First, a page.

What is data science? There’s not one agreed on definition, but a lot of people have tried. My other appointment is in the Department of Statistical Sciences, and my boss there says (Craiu 2019):

This unsureness isn’t necessarily the weakness many consider it. After all, who can really say what makes someone a poet or a scientist? Even so, some things can be said. In broad strokes, … someone with a data driven research agenda, who adheres to or aspires to using a principled implementation of statistical methods and uses efficient computation skills.

I like this definition, but I also think there’s value in having a simple definition, even if we lose a bit of specificity in the process. Probability, which is related to statistics, is often informally defined as ‘counting things’ (McElreath 2020, 10). In a similar informal sense, I’m currently playing around with a definition of data science that is something like ‘measuring stuff and averaging it, with purpose.’

One reason that I like this definition is that it doesn’t treat data as terra nullius, or nobody’s land. Statisticians tend to see data as the result of some data generating process, which we can never know, but that we try to use data to come to understand. I’m oversimplifying here, and many statisticians care deeply about data, but at the same time, there’s a lot of cases in statistics where the data kind of just appear; they belong to no one. But that’s just never the case.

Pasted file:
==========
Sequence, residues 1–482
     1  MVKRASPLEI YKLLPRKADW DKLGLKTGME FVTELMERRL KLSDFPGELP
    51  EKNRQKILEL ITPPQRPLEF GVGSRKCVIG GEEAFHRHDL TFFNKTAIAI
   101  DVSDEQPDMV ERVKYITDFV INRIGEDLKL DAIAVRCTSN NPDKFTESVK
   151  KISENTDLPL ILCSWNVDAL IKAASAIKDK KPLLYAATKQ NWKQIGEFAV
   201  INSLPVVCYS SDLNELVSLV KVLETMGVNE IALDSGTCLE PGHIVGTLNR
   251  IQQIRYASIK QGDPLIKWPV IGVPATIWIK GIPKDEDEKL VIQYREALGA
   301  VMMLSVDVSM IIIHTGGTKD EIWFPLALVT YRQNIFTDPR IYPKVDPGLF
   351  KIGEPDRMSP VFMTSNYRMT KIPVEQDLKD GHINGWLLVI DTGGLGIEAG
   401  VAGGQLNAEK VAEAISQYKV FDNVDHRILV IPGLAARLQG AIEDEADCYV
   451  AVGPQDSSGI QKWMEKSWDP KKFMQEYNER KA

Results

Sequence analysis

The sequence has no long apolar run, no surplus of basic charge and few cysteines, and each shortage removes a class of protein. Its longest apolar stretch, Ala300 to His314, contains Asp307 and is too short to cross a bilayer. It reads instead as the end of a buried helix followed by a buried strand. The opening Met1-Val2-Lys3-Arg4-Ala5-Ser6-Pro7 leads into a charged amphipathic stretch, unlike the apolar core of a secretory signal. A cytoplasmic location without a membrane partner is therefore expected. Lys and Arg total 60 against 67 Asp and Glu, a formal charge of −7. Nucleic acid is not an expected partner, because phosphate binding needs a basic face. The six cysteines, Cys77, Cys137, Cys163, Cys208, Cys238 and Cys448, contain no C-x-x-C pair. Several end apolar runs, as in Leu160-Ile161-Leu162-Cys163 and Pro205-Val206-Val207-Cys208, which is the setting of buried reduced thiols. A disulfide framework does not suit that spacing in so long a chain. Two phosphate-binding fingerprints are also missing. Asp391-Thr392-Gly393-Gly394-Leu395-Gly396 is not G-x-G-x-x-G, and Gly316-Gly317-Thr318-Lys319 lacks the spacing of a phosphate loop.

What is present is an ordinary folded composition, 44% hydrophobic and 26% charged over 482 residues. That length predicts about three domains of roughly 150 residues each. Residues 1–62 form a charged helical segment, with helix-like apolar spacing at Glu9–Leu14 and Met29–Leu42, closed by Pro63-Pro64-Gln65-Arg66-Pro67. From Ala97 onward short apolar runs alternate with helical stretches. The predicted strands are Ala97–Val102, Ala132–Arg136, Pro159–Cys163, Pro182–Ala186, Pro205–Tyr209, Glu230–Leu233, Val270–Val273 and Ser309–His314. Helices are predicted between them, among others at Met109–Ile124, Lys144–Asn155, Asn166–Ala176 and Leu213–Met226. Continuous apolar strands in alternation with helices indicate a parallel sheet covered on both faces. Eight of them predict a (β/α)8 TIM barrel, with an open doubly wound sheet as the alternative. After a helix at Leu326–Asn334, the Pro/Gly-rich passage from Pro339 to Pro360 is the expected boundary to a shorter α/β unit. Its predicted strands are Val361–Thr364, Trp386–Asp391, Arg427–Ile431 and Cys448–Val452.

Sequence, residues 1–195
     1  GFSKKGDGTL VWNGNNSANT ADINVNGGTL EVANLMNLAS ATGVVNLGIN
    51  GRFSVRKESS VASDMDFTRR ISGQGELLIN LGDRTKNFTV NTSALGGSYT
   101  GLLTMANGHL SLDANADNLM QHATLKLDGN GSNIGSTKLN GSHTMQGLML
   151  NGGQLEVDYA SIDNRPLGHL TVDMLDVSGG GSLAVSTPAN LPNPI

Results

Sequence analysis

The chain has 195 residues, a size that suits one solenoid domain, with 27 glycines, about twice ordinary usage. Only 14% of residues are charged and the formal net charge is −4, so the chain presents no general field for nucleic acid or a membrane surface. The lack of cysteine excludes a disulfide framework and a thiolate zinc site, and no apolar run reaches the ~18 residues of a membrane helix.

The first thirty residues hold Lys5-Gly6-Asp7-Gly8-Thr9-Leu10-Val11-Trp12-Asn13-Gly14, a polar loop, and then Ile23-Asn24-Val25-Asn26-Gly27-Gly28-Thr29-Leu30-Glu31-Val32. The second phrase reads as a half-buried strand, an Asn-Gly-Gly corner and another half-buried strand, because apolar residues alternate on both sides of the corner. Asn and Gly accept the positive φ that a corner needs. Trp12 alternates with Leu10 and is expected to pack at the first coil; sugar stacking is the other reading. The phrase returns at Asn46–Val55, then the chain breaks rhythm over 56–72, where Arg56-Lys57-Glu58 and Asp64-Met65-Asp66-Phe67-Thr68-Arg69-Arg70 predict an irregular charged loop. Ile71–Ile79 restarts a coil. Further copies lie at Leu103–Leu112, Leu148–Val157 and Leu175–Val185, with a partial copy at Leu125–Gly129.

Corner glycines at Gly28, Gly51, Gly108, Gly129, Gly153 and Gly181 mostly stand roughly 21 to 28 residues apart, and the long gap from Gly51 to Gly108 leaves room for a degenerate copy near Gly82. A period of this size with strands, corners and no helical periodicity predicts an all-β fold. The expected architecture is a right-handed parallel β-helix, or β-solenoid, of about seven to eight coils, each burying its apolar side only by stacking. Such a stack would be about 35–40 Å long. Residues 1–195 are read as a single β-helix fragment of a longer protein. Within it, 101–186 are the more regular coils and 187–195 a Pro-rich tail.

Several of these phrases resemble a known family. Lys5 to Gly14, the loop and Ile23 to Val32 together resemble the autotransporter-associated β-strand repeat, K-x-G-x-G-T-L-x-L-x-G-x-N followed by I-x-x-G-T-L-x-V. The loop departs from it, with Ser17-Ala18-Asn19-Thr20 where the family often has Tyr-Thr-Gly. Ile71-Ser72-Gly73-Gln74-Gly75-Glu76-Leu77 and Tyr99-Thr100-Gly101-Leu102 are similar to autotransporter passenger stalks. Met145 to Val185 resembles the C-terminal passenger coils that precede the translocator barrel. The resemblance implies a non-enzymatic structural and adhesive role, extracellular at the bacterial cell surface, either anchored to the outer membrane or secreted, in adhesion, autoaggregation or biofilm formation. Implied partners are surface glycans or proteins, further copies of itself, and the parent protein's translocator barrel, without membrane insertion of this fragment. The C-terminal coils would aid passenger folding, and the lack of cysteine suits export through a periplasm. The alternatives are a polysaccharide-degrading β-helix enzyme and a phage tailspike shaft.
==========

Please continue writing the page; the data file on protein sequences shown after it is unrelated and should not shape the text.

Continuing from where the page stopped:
Data have to be gathered, cleaned, and prepared, and these decisions matter (Huntington-Klein et al. 2021). I’ve come to believe that every dataset is sui generis, or in a class by itself, and so when you come to know one dataset really well, you just know one dataset, not all datasets.

During this data science camp, you’re going to be exposed to an awful lot of ‘science.’ I’d like to spend a little more time in defence of ‘data.’ And that’s another reason that I like my definition. I argue that the most important word in ‘data science’ is ‘data’ and would love to convince you of it.